GWEN IFILL: Very complicated. Okay. Civil rights-- this is one of the issues which we look to the court to try to resolve conflicts, but the court also... How did they rule on these cases?
MARCIA COYLE: Here again, just as in the Fourth Amendment and the First Amendment areas, you saw the court going both ways essentially. There was a big defeat for the civil rights community in a Title 6 case involving Alabama's English-only driver's license test. The court essentially closed the door to the courts that had been opened for many years that allowed private citizens to bring suits against state programs that discriminated...
That had a discriminatory impact on the basis of race, color, religion, national origin. So that was a big loss, but there were victories. There was a victory in a North Carolina voting rights case. The court approved the drawing of a congressional district that had been attacked for years, finally saying that race was not the predominant factor in the drawing of that district.
GWEN IFILL: The court also ruled in favor of golf carts on the golf course.
MARCIA COYLE: Yes. This was in an Americans with disability act.. It involved Casey Martin, who wanted his disability accommodated by the PGA golf tour. The court found he should be accommodated, but I would like to say one thing: That was not a question of whether Casey Martin was disabled, and the court in recent cases involving the definition of disability has taken a pretty narrow conservative view. We might learn more of that next term when they take up a case involving carpal tunnel syndrome and whether that can be a disability.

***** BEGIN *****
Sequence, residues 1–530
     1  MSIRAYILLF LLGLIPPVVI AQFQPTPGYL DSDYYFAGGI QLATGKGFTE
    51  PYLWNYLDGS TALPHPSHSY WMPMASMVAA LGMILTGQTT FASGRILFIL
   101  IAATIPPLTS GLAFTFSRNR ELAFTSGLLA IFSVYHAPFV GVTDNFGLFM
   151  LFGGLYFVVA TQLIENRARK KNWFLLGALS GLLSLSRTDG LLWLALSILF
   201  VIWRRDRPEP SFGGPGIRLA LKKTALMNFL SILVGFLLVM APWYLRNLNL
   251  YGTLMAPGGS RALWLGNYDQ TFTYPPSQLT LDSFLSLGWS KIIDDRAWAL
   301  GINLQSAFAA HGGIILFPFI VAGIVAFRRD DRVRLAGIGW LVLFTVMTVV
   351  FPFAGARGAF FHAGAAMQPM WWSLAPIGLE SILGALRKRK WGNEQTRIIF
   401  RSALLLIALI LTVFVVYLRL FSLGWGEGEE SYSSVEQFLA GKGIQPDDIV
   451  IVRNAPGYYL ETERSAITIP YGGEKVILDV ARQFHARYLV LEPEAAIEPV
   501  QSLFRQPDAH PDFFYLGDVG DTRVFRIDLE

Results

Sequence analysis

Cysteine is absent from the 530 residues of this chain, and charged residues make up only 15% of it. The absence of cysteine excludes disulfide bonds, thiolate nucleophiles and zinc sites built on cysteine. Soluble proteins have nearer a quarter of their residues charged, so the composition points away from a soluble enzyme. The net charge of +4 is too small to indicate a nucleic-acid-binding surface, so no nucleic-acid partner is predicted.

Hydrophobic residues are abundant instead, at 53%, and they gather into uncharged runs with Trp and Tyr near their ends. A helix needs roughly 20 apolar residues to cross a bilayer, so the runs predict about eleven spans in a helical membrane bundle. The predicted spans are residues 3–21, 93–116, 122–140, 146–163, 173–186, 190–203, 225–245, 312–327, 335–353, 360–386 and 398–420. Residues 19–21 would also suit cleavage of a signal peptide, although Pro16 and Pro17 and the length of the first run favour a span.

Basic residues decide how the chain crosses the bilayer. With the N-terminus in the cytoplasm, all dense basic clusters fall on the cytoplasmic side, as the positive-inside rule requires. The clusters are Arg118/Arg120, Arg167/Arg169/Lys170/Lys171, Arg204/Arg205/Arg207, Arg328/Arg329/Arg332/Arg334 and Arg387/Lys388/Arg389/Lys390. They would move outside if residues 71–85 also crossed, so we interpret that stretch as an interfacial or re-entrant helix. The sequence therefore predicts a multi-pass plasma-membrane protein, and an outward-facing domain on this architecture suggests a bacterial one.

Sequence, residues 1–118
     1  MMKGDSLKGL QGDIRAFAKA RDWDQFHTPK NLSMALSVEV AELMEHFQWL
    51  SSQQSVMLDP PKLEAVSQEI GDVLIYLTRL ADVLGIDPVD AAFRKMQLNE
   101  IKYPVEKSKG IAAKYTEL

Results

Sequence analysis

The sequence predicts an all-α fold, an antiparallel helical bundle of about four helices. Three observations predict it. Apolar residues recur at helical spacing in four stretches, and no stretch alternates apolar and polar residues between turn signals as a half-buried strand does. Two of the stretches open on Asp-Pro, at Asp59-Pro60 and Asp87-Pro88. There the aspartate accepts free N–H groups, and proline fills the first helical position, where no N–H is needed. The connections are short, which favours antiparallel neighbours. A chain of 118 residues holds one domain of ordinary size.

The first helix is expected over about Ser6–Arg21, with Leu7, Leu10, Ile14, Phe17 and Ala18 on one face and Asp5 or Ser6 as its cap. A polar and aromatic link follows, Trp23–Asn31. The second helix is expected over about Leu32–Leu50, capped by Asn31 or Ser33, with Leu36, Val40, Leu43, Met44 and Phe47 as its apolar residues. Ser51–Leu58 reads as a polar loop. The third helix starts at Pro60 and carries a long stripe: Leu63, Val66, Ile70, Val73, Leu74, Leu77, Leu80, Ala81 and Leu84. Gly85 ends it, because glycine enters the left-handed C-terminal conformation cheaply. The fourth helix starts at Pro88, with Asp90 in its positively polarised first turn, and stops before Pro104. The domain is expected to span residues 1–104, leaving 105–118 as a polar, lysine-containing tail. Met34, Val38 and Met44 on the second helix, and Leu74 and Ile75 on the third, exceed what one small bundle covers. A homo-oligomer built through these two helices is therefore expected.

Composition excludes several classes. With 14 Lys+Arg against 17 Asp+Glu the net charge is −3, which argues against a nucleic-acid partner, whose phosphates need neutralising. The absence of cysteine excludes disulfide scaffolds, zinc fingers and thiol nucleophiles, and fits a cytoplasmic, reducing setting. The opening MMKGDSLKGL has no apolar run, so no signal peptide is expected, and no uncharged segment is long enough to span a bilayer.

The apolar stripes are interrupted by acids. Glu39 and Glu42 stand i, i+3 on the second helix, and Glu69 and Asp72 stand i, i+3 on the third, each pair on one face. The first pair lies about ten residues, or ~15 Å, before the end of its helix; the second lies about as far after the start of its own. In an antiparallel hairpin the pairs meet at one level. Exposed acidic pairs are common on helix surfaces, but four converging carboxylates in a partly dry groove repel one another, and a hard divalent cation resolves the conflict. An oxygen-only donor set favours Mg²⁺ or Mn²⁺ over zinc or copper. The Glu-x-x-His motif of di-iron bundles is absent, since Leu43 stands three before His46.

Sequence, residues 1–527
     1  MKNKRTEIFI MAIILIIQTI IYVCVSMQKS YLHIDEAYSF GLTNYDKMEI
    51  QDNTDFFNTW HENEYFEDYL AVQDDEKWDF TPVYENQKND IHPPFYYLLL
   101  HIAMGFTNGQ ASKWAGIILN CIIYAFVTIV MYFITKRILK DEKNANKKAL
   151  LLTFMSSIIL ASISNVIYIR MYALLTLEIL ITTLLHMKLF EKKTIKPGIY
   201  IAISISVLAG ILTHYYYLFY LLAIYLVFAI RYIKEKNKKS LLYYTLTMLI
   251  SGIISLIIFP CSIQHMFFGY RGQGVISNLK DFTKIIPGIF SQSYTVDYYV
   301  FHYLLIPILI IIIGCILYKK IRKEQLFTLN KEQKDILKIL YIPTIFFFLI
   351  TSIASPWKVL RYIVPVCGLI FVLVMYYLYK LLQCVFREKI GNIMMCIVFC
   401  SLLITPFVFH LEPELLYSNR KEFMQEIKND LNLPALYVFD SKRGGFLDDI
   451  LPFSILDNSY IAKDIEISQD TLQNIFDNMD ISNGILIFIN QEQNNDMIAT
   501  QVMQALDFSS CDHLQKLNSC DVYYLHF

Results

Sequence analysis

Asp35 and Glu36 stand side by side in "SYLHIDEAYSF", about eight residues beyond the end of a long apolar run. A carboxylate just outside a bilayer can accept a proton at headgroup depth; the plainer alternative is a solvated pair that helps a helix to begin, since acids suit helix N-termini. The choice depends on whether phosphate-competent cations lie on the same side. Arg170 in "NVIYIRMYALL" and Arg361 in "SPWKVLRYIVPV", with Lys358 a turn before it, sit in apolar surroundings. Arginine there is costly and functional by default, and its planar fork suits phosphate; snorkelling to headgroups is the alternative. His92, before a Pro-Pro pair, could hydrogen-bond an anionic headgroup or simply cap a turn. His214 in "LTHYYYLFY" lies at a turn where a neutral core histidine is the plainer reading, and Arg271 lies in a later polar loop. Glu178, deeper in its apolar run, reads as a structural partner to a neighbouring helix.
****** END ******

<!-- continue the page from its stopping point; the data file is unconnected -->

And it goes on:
GWEN IFILL: Why so many 5-4? We got used to sitting around this table and talking about this 5-4 decision and the way the court spirit split itself among its supposed conservative wing and liberal swing. Why so many 5-4 cases?